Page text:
A collaborative NHS procurement project in the north-east of England has combined its bargaining power with the new ability to buy non-clinical items through a web-based catalogue.

The North East Patches Shared Systems Project, which includes NHS organisations within Northumberland, Tyne & Wear, and North-East Yorkshire, allows requisitioning to take place over a simple web connection, rather than the traditional paper forms.

Bob Telford, programme director of the project, said: "It’s quite unique in the NHS. It’s the biggest collaborative finance and procurement solution in the NHS and probably the biggest anywhere.

“Until recently it’s always been clear that the best way to deal with suppliers in electronic catalogues is to have a single catalogue. The difference is that this is the first time we have brought any critical mass."

Telford said that originally, there had been a ‘catch 22’ situation where suppliers didn’t want to join the system as they felt there weren’t enough buyers, and buyers didn’t want to join as there weren’t sufficient suppliers. However, he explained, by creating a large block of buyers he hopes to get the ball rolling and encourage others to join.

“There’s only one way to breaking the mould in and that’s by bringing in sufficient NHS organisations to make it attractive to existing suppliers."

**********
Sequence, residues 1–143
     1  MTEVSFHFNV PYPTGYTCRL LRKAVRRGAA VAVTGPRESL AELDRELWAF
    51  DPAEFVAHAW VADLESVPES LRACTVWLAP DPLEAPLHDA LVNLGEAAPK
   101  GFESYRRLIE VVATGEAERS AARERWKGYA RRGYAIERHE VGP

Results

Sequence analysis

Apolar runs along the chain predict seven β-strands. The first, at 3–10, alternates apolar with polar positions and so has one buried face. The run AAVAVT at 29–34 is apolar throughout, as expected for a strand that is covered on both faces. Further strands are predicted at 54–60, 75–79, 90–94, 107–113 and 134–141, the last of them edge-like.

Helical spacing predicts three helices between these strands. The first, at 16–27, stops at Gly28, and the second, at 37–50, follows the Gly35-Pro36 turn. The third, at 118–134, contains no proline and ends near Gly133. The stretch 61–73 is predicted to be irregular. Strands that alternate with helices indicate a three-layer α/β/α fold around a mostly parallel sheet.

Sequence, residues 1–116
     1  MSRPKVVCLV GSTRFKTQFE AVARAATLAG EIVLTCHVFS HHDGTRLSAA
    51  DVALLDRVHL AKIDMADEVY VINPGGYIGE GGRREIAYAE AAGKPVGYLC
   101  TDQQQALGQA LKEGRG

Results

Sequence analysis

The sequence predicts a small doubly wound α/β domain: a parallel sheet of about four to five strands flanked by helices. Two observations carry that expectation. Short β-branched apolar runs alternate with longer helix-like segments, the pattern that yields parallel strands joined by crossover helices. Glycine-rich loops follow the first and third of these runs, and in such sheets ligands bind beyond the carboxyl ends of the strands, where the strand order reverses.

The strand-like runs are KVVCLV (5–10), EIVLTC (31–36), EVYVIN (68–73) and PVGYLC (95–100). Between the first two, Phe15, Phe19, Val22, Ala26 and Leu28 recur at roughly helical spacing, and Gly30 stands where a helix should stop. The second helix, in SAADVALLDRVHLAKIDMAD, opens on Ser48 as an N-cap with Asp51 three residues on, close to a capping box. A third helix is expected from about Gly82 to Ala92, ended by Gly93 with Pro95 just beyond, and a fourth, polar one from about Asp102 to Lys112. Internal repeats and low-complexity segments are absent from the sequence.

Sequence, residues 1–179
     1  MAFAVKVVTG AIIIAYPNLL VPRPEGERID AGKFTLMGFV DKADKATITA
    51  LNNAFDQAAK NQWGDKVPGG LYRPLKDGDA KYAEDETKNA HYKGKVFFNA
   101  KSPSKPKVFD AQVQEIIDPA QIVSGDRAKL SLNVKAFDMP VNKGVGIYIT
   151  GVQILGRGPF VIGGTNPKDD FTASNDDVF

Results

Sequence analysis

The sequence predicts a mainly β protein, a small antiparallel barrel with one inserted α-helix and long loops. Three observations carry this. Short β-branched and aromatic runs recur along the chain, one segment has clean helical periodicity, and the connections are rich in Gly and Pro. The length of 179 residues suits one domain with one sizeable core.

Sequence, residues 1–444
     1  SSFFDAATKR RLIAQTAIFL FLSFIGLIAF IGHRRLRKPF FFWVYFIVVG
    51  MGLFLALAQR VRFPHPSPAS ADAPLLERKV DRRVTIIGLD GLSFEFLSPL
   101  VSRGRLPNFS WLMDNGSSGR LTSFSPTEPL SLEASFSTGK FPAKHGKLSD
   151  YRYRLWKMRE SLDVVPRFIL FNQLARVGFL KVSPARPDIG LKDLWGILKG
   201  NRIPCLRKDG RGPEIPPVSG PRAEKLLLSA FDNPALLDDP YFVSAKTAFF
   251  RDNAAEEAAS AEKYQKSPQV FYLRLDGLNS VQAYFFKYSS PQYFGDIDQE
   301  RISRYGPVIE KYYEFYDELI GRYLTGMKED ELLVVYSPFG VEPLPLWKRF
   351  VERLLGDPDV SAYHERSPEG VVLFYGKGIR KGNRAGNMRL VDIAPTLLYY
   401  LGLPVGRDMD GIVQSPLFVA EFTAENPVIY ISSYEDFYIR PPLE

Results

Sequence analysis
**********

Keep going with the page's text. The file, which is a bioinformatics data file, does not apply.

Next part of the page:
The original project has been running for over a year, using Oracle 11i business software, and has an annual spend of £0.5bn. The web catalogue, which has just been created, was introduced in partnership with UKprocure, and has 32 organisations participating. 

The shared systems project also features Tees & Durham, which run their own electronic procurement system, EROS. Telford is hoping that Tees & Durham will soon be compatible with the web-based catalogue.

An information brochure sent out to suppliers says that moving from paper to web will be the future of NHS procurement: “Currently, NHS organisations use paper-intensive requisitioning and approval processes, with goods and services procured by central supplies teams."

“Moving forwards, end users will only be able to select products through the procurement systems. Electronic catalogues will be the only way for suppliers to ensure their products are presented to the end user to enable purchasing."

Telford hopes that others will take up the idea, and that it will develop further: “What we are proposing to do is make it an attractive proposition to other NHS organisations."

“We are now in the process of building a supply base so they can buy into the UK procurement exchange. We are looking to build a generic NHS catalogue."